One of the sights you’ve got to see on your Kauai vacation is Waimea Canyon. Seeing the Grand Canyon of the Pacific from a lookout is great, but to stand along a cliff edge — that juts out into the canyon for a 360-degree view — is even better.
The Cliff and Canyon Trails are definitely among our favorite Hawaii hikes. We first hiked these trails back in 2003 and nearly ten years later, we jumped at the opportunity to hike it again.
The name of these trails — Cliff and Canyon — are a bit confusing. We’ve even seen maps that designate part of the trail as “Waipo’o Falls Trail.” You may see them interchangeable used. From my research and understanding, the Cliff Trail is simply a short spur (approximately 0.5 mile roundtrip) off the Canyon Trail.
For an excellent overview of the Cliff and Canyon Trails, see our short video:
(Email subscribers: follow this link to see the Waimea Canyon and Cliff Trail video on this post page.)
To get to Cliff and Canyon (Waipo’o Falls) Trails, start from Highway 550 between mile markers 14 and 15. Look for a dirt road and a small gravel/dirt parking area. Unless you’re the first hiker of the day, you’ll most likely see parked cars. I’ve seen this dirt road named two different ways — Halemanu Road and Hale Manu Valley Road.
Follow the dirt road down to a clearing, which is another parking area where locals will park. We don’t advise driving and parking in this clearing for two reasons. First it’s a violation of rental car agreements to drive dirt paths. Secondly, the hard-packed dirt road is filled with ruts and it could be dangerously slick in/after rain.
Cross the clearing and look for the Canyon and Cliff Trail heads off to the left. You’ll soon see the fork in the trail where you choose between the Canyon Trail (left) or Cliff Trail (right). Once you get to this point, if your time is limited and/or you’ve found the trail to be more strenuous than you expected, simply go to the Cliff Trail for the views and turn around. Otherwise, we recommend hiking both trails which will total just under four miles of moderate/strenuous hiking in total.
The Canyon Trail descends through a green canopy of trees. Some of the most unusual wild flowers periodically line the path. The sounds of chirping birds add music to accompany the trail.
Canyon views are very limited along the trail — that is until you reach the clearing into the canyon. There, the views are dramatic — the rough, orange and green cliffs give way to a distant ocean view. Once we made it to the canyon view, we probably spent 15 minutes or more just enjoying the scenery.
Some folks carry on down towards Waipoo Falls, which is approximately 0.2 miles further down. We did that in 2003 and didn’t find it worth the extra effort. The trail leads to the top of the waterfall, so you don’t even get to see it. There is a smaller waterfall upstream that feeds Waipoo, but with the growth of plants and shrubs it may be difficult to see. Depending on recent rainfall, you may not even see a waterfall at all. I should also mention that the trail down to the top of Waipoo Falls is extremely treacherous — one slip and it’s a quick visit to the canyon floor hundreds of feet below.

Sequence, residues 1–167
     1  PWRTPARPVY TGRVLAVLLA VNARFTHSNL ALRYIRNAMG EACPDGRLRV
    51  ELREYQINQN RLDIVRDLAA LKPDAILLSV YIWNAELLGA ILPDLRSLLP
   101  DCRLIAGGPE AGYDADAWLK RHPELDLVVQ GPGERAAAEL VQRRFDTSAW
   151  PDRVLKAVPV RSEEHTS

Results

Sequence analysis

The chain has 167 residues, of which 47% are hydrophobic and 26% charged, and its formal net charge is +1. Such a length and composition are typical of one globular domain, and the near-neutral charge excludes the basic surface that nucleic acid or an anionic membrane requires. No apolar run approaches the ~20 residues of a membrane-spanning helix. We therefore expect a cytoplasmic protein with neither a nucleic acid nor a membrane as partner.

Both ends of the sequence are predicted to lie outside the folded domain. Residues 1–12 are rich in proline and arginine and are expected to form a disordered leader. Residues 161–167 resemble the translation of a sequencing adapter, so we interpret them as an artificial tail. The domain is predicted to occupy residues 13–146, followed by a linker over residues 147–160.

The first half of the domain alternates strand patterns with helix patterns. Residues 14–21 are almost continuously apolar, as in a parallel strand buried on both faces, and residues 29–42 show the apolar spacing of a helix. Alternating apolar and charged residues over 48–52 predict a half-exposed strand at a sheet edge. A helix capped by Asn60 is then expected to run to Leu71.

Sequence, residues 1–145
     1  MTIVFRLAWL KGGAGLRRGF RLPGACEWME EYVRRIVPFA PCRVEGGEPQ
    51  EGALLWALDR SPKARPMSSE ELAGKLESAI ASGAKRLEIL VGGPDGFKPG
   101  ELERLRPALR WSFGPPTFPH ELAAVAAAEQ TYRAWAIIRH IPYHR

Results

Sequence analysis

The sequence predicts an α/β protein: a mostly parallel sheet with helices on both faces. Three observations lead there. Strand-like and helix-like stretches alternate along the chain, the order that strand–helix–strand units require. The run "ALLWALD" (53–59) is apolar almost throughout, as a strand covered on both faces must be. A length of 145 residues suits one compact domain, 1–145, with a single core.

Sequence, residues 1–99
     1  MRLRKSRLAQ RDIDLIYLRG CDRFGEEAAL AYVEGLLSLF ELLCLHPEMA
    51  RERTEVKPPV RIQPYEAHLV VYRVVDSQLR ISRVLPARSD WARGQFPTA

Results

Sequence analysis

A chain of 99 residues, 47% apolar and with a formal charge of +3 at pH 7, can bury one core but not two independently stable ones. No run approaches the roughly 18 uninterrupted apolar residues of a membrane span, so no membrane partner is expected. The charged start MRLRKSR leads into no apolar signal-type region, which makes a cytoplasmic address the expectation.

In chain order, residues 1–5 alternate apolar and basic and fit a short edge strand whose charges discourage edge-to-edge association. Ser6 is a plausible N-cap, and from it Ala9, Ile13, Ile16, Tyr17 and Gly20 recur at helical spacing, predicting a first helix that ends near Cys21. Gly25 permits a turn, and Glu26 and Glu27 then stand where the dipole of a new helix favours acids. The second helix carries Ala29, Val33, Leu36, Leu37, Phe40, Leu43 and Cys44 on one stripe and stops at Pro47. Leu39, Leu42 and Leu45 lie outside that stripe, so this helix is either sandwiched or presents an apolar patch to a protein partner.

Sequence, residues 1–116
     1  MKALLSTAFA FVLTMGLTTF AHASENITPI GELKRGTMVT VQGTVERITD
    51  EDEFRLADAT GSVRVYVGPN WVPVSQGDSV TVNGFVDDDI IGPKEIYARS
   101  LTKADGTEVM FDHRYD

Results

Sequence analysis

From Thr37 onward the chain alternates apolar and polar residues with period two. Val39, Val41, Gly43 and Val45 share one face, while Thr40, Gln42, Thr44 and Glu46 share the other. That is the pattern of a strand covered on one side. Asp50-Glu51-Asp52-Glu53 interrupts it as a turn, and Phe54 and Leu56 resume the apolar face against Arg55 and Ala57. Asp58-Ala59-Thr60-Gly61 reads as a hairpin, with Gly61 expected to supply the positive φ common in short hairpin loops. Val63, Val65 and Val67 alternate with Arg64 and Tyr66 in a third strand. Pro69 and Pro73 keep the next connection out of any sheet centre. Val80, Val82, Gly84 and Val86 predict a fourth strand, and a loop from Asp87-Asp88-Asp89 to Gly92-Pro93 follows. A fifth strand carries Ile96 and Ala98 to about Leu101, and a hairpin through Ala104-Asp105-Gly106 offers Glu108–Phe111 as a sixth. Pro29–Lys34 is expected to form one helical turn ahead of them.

When you’re ready to head back to your car, you’ll follow the same path back up. Once you reach the parking clearing that we mentioned earlier, you can carry on back up the same dirt path that you followed to the trails. If you have the energy and want to return a different path, look for the Pu’uhinahina Trail head that leads to the Pu’uhinahina Lookout and then walk along the side of Highway 550 back to your car. It’s a little bit longer that way, but offers new scenery.
Things to know before you go:
– You can purchase trail maps and get advice from the Kokee Museum, between mile markers 15 and 16 on Highway 550.
– Wear shoes with tread for trails – like hiking shoes or trail running shoes. I wore these shoes.
– How strenuous are these trails? They’re mostly downhill to the views and uphill back to your car. I was able to hike these trails and more in the same day even though I had a cold. Footing can be tricky in spots when dry and extremely slippery after/during rain.
– Bring water, ideally two liters per person.
– Wear sunscreen.
– Bring a hat.
– With the higher elevation, you may encounter chilly temperatures. So, you might want to bring a lightweight, waterproof jacket and/or wear long sleeves and long lightweight hiking trousers. Check the temperature before you hit the trail to see if you need to bring the jacket with you.
– Ideally, bring a hiking stick.
– See more photos from our recent hike on the Canyon and Cliff Trails